Having completed the Master of Divinity at Southwestern Seminary, I step into a new chapter this month as I officially enter the PhD program. One of the ways that I stay involved in ministry while in seminary is by preaching wherever the door opens. For the past two years, rather than serving vocationally in any given local church, I’ve been preaching throughout the state of Texas on a Sunday-by-Sunday basis. (If you would be interested in bringing me to preach at your church, click here.)
One of the difficulties raised by itinerant ministry is that I am committed to systematic exposition – preaching verse-by-verse through entire books at a time. I am convinced that such preaching best communicates the intended meaning of the biblical author (and Author) to the congregation. However, when the preacher is merely a guest at a church, rather than the primary pastor, the challenge has been raised that the sermons cannot build upon one another. It would be better, according to those who make this challenge, to preach over a specific passage that can be pulled from its context and yet still communicate a biblical message on its own.
In spite of this objection, I maintain that systematic exposition is not only better for the congregation, but I believe that it is better for me as the preacher, as well. By preaching verse-by-verse, even in various pulpits in various churches, I as the preacher have a better grasp on what the biblical author (and Author) is saying, the context in which he is saying it, and the importance of what he is saying. In so doing, I never need to pull a passage from its context, but rather, I can demonstrate within its context what the text actually means. And that’s the point of expositional preaching, anyway.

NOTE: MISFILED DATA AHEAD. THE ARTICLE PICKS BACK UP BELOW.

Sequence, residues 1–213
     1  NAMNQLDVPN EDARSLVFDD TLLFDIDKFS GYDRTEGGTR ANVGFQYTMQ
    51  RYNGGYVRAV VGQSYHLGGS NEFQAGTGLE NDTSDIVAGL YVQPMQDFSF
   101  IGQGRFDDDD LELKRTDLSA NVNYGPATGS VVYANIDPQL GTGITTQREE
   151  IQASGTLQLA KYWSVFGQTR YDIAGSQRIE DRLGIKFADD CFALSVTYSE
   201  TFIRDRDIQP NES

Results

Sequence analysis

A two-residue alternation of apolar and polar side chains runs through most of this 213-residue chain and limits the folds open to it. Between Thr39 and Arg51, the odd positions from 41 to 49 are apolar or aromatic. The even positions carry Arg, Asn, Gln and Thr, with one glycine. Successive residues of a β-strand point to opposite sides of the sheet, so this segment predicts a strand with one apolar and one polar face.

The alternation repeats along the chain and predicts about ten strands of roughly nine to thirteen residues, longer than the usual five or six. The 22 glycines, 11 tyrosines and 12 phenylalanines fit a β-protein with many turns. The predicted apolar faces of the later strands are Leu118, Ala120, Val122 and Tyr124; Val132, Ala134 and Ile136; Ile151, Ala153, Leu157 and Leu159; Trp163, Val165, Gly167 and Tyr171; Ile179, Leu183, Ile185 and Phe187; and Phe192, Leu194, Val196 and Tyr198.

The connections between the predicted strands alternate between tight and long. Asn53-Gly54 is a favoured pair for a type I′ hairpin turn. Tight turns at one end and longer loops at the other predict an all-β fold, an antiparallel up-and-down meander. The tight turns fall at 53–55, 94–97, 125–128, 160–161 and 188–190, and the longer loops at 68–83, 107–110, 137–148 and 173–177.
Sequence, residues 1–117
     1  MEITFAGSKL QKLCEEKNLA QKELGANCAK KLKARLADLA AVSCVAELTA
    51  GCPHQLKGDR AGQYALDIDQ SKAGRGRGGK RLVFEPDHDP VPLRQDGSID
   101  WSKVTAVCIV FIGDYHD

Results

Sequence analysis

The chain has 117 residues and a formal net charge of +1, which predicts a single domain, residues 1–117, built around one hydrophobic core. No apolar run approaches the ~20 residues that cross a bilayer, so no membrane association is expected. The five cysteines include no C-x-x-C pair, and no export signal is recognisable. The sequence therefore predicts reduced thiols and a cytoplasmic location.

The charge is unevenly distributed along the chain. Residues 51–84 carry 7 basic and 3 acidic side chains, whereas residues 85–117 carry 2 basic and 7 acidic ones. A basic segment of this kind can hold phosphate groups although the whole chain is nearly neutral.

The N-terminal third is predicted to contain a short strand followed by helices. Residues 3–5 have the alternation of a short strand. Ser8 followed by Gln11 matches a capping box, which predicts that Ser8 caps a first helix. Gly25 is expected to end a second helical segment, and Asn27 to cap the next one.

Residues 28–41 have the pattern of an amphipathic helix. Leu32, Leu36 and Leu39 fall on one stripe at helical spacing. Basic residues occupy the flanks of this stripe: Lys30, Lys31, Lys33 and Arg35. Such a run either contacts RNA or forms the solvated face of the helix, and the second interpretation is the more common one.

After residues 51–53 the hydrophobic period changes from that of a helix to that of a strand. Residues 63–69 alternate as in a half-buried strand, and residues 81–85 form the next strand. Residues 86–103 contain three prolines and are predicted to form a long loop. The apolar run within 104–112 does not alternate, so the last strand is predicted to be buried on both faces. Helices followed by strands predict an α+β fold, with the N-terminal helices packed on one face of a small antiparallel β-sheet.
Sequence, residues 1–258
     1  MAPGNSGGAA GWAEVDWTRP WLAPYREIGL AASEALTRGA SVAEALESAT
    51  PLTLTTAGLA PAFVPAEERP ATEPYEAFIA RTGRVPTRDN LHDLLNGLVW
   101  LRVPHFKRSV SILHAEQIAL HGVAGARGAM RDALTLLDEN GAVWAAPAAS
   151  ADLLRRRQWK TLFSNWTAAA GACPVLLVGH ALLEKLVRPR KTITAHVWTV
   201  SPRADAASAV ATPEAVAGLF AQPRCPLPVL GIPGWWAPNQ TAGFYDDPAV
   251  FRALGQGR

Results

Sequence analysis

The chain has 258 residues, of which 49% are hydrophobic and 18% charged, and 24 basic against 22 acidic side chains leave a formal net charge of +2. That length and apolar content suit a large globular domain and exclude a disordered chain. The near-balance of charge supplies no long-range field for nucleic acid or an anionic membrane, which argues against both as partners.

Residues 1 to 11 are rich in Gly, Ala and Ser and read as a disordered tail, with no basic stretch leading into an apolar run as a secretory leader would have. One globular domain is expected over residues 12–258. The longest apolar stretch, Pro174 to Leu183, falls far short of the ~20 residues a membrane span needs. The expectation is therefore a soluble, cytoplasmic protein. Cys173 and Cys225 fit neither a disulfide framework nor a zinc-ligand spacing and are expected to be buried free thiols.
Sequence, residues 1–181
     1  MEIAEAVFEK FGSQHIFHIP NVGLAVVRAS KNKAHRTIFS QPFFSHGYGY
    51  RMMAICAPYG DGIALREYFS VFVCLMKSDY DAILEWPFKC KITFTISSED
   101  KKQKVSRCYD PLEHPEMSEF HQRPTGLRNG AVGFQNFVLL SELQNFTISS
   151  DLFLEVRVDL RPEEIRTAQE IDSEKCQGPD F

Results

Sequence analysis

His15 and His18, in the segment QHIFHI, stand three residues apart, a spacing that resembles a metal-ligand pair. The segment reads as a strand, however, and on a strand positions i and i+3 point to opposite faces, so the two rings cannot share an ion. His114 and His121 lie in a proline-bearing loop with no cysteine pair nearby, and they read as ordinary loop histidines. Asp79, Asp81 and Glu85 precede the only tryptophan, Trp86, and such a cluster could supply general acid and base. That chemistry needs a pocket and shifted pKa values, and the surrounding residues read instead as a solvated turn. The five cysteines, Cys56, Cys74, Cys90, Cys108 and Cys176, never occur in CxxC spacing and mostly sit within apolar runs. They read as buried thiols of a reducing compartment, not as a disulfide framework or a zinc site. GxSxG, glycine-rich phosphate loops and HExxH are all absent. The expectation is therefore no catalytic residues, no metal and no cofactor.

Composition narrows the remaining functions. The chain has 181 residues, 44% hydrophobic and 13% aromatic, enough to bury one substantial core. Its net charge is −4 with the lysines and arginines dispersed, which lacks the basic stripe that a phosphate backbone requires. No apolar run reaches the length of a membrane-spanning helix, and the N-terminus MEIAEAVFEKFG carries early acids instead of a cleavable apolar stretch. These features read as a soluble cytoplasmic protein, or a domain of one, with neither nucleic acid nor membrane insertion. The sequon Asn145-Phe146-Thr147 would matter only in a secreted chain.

I have preached through the book of Galatians, Colossians, and, more recently, the book of Jonah (For samples of my preaching, click here). This fall, I take another step and plan to begin working through the book of James.
As I begin to prepare sermons through the book of James, these are the commentaries that I’m using to keep me on track.
- Vaughan, James, Founders Study Guide Commentary
- Adamson, The Epistle of James, NICNT
- Moo, The Letter of James, PNTC
- Davids, Commentary on James, NIGNT
- Blomberg and Kamell, James, ZECNT
Am I missing one that you might recommend?